Money Transfer Industry Update - Cash Payments in the UK, FairFX, and PayPal


Marisa Fasciano
Content Specialist
Marisa is a communications consultant based in New York with a background in social research, diversity education, and nonprofit development.  She has lived and traveled abroad extensively… Read more

Despite Growth of Contactless Payments in the UK, Cash Holds its Ground

Even though the volume of contactless payment in the UK tripled last year, cash remains a very popular payment method for British consumers and is even growing in some respects.  According to Bank of England (BoE) data, cash accounted for 44 percent of all payments made by British consumers in 2016.  And there was a half of a percent increase in the number of people who depend almost entirely on cash transactions, which now totals 3.7 million.  

One reason that cash remains king is improved access to ATMs.  Despite the fact that high street banks, such as Barclays, Royal Bank of Scotland, and Lloyds, are collectively shutting down hundreds of brick-and-mortar branch locations, they’re building more ATMs.  Other reasons for cash’s appeal include the absence of risk or concern related to cybersecurity and the lack of transaction fees.  Particularly for low-value purchases, small businesses don’t want to pay fees associated with alternative payment methods like credit cards. 

Victoria Cleland, BoE’s director of bank notes and its chief cashier, reported that the average value of cash purchases in the UK has held its ground at £10.  She believes that cash will remain ubiquitous for commonplace small-value payments.  However, as contactless payment terminals multiply and are being used for smaller and smaller transaction amounts, it remains to be seen which payment method will eventually dominate.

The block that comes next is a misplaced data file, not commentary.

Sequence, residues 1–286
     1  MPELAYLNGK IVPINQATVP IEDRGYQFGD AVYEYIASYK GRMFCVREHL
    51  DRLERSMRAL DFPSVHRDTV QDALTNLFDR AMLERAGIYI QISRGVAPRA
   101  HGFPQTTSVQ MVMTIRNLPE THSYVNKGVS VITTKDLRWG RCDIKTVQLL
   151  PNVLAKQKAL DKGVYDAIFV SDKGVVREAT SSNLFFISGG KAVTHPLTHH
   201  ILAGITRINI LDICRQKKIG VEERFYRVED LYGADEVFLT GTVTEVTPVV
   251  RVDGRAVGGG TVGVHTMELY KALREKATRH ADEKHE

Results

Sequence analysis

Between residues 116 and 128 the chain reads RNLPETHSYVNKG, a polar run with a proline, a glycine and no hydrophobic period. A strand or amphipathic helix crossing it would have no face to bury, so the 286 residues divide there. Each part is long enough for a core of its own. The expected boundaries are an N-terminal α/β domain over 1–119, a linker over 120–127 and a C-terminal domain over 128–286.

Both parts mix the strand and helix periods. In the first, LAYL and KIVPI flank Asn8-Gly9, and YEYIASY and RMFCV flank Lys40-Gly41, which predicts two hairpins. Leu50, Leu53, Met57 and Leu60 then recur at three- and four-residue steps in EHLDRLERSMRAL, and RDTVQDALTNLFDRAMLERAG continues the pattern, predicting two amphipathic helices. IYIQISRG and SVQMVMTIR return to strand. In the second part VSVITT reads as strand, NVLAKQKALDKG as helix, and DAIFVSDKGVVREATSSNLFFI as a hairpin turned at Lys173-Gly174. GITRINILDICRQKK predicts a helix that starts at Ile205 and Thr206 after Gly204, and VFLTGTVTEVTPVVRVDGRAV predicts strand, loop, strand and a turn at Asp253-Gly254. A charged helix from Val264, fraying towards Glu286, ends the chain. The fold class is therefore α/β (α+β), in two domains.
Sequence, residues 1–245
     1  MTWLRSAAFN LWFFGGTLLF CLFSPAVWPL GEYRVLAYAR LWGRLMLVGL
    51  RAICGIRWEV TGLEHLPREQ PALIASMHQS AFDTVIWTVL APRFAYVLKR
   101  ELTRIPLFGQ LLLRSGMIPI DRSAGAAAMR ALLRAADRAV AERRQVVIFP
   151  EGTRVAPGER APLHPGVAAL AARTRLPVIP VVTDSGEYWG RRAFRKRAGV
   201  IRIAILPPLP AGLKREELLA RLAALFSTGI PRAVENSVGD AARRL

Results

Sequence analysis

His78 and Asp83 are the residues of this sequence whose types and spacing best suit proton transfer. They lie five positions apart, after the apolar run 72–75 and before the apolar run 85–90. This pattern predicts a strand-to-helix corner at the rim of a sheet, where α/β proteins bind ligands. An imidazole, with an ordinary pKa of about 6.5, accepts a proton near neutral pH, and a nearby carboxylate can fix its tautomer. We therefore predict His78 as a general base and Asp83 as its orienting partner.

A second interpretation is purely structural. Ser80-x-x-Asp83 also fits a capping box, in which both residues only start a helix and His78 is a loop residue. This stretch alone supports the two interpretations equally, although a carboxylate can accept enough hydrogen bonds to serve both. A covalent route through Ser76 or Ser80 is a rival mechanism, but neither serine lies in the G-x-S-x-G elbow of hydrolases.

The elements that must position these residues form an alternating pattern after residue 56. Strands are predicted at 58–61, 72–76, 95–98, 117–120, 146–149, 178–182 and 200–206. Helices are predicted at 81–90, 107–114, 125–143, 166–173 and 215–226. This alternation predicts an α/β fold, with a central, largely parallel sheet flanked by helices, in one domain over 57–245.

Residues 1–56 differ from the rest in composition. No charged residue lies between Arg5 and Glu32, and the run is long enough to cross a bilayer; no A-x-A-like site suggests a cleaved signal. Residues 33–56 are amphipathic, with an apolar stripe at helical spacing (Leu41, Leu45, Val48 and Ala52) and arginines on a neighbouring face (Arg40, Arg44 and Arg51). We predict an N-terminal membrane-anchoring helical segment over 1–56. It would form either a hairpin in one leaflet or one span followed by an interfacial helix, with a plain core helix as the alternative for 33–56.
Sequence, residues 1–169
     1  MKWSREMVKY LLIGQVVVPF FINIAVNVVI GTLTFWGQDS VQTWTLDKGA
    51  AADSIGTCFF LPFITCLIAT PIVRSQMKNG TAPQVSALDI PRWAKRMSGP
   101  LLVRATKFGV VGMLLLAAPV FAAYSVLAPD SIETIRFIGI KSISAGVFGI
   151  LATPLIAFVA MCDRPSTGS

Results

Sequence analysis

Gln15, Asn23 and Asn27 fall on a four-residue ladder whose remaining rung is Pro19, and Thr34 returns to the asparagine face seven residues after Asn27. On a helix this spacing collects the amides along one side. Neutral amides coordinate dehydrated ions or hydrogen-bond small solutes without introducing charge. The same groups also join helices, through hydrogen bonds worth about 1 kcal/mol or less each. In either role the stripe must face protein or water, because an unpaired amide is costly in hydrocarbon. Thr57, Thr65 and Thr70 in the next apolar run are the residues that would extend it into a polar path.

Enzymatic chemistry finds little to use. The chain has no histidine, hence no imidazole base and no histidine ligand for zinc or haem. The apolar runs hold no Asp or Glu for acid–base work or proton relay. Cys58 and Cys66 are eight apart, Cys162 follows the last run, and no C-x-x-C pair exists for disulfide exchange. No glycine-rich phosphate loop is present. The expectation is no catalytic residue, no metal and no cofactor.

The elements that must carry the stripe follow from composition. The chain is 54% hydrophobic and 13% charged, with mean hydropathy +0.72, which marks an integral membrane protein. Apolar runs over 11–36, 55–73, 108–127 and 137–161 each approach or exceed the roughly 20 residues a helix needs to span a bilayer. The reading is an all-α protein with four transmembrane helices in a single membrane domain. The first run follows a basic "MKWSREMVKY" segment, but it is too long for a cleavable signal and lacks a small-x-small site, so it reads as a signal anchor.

My Fair Multicurrency Account

In early 2018, international payment services provider FairFX plans to launch a multicurrency current account for businesses called “Fair Everywhere.”  The account, which can be opened in a matter of hours, will allow SMEs to transfer money internationally using FairFX’s foreign exchange rates.  In addition, customers get a reward of up to 3.5% cash back on purchases from major retailers.

Based in London, FairFX got its start in 2007 as an online travel money provider.  Earlier this year, it bought CardOne for £15 million as part of its goal to become a digital banking services co.  "Through the recent acquisition of CardOne, FairFX now has the capability to offer retail and business Bank Accounts with all the functionality you would expect from a bank, namely faster payments, BACs, direct debits, international payments and a debit card," said the company.

PayPal Diversifies While Growing Core Payments Business

Inspired by Chinese payments companies like Alipay (read our review), PayPal intends to diversify its offerings beyond payments through a combination of investments and partnerships.  Since 2015, when the company was cut loose from its parent eBay, it has established more than 25 major partnerships, including one with investing platform Acorns.  PayPal’s recent acquisition of the international money transfer app Xoom has also contributed to its diversity.

According to its PayPal CFO John Rainey, the end goal is “to be an everyday part of our customers’ lives and it’s hard to do that if you are only in payments.”  He considers PayPal’s “two-sided network” of 17 million merchants and 200 million consumers a huge competitive advantage.  In addition to diversifying, Rainey will continue to grow core payment capabilities with a special focus on mobile shopping.  “In today’s age, 50-70% of shopping experiences begin on mobile devices, but mobile devices have the lowest rate of conversion,” Rainey said, “And if that doesn’t scream opportunity I don’t know what does.”


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